[ppml] Policy Proposal 2007-21: PIv6 for legacy holders with

Kevin Kargel kkargel at polartel.com
Thu Oct 18 15:09:54 EDT 2007

I am all for giving the legacy holders a fair break, and being nice to
them.  I would go so far as to say that "initial" fees for them could be
waived.  Past that I am opposed to giving them more ongoing rights,
priviledges or recurring concessions than anyone else (meaning me) gets.
IPv6 needs to be a level playing field.  Everyone should have the same
requirements, rights and responsibilities.  

Simply said.


> -----Original Message-----
> From: ppml-bounces at arin.net [mailto:ppml-bounces at arin.net] On 
> Behalf Of David S. Madole
> Sent: Thursday, October 18, 2007 1:16 PM
> To: arin ppml
> Subject: Re: [ppml] Policy Proposal 2007-21: PIv6 for legacy 
> holders with
> > From: "Scott Beuker" <scott.beuker at sjrb.ca>
> >
> > I oppose the policy proposal because all it really serves to do is 
> > grandfather the special treatment of legacy IPv4 space holders into 
> > the IPv6 world. I was very much looking forward to the fresh start 
> > IPv6 offered, where everyone would qualify for their 
> address space on 
> > the same merits as everyone else.
> As Ted pointed out recently, there is currently a 
> disincentive for legacy holders to implement IPv6 at all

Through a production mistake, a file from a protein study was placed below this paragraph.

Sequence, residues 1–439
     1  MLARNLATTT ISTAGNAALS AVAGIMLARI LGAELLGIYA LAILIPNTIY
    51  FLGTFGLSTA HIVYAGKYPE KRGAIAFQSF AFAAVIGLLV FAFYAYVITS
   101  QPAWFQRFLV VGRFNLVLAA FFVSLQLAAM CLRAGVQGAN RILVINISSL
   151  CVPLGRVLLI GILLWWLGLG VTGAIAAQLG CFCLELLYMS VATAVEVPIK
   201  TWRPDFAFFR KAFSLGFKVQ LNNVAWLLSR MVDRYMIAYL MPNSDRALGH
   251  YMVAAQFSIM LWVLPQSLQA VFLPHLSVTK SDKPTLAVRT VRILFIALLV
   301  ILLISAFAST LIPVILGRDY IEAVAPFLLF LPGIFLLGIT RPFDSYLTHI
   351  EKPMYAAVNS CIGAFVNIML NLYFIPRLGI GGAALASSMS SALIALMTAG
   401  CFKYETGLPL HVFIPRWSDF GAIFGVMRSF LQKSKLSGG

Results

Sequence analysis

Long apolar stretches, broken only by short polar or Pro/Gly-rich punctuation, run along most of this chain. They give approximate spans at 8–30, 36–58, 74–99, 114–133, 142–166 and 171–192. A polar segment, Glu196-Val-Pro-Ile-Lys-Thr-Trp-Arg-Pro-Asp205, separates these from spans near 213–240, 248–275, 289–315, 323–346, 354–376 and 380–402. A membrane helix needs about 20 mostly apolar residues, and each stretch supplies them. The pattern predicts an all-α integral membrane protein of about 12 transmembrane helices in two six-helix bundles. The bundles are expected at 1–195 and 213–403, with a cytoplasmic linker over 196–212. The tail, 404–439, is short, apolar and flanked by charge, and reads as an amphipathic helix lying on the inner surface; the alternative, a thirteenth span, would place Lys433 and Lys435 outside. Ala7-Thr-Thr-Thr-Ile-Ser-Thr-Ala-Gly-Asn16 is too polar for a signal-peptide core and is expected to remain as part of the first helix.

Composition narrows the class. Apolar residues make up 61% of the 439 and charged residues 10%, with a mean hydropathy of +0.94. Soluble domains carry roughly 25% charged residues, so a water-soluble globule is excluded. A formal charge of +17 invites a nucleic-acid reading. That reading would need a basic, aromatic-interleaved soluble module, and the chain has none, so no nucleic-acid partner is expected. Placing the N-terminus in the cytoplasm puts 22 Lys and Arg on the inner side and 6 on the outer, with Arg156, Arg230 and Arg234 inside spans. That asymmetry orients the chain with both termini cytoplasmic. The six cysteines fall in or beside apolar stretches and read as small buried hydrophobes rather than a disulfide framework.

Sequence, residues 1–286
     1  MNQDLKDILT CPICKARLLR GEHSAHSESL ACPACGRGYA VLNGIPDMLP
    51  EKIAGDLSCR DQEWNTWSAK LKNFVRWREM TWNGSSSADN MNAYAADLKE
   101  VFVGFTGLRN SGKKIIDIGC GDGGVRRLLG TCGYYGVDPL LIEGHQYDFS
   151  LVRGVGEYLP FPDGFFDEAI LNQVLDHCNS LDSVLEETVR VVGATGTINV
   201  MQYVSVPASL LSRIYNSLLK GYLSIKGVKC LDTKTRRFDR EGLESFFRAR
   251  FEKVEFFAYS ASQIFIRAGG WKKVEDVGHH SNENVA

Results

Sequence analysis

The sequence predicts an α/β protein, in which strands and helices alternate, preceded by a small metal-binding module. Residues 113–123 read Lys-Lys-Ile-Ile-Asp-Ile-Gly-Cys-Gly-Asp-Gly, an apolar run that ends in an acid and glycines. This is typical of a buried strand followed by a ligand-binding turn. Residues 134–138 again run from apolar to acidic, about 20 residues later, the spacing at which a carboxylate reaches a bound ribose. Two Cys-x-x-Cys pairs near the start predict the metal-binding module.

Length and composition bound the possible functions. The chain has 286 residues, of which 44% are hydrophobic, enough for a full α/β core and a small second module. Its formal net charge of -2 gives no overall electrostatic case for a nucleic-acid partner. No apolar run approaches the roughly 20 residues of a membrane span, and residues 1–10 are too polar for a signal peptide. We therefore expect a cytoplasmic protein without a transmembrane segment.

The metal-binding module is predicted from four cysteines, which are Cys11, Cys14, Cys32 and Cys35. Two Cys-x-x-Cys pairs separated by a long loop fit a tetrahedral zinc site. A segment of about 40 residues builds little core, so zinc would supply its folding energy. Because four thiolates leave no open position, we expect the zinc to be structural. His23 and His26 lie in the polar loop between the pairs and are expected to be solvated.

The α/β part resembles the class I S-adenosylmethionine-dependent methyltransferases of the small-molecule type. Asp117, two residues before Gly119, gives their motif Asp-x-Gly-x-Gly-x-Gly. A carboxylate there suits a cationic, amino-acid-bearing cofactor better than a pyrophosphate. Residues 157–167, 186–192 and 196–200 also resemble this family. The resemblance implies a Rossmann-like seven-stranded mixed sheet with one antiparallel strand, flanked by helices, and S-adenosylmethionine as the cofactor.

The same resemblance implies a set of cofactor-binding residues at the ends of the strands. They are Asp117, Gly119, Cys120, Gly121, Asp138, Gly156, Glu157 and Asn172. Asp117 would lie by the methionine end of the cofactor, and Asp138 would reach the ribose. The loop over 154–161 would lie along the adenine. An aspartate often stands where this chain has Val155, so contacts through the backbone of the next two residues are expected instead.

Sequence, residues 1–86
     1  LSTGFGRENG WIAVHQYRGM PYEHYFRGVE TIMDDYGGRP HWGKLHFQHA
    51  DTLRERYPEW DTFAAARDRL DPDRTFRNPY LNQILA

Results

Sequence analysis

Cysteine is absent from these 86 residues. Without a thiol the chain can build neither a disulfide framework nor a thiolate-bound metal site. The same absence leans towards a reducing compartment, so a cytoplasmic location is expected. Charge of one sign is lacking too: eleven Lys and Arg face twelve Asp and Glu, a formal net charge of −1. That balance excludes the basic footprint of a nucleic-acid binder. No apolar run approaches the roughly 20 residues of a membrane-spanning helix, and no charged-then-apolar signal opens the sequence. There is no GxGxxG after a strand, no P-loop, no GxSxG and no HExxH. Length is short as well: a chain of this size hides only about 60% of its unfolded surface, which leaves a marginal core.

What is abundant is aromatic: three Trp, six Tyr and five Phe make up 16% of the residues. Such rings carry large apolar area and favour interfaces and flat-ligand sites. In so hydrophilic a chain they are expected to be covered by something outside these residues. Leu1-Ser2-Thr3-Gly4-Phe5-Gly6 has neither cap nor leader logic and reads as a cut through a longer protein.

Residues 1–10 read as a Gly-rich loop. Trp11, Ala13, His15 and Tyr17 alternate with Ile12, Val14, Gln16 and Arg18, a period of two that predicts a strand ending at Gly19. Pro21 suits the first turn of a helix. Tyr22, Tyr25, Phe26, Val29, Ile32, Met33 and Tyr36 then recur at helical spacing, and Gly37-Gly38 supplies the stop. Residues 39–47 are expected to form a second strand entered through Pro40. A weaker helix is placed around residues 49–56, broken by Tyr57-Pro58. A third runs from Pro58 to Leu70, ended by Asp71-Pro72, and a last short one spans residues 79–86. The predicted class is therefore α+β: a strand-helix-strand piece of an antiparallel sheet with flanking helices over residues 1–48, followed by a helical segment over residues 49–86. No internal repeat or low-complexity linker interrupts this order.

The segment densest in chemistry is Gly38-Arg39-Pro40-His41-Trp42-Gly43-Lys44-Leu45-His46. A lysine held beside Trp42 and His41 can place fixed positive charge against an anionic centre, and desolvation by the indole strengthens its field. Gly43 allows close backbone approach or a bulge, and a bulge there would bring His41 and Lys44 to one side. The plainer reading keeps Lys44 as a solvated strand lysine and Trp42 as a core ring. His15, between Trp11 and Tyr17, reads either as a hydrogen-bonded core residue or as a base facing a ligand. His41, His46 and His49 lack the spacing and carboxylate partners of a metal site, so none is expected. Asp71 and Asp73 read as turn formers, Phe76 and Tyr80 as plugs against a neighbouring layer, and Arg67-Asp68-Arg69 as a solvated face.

> versus dragging out IPv4 as long as they can.
> One simple way to remove this disincentive would be to offer 
> IPv6 addresses to legacy holders on the same terms as their 
> IPv4 addresses, or maybe not the same but something that 
> removes or lessens the disincentive.
> I am sure that concept will be thoroughly rebuffed for purely 
> political reasons. That's ok with me, as I am not advocating 
> for it here, just pointing it out as an effective solution to 
> that problem, if anyone even considers it to be a problem as Ted does.
> Taking this point a little further, it's largely the legacies that got
> IPv4 to take off and got the Internet built, they could be 
> the ones to do the same for IPv6 too perhaps if given an 
> incentive rather than a disincentive.
> After all, even ARIN, who should be leading the way I would 
> think, isn't even offering whois on IPv6 yet as far as I can 
> tell, even though RIPE has been doing so for almost five years.
> David
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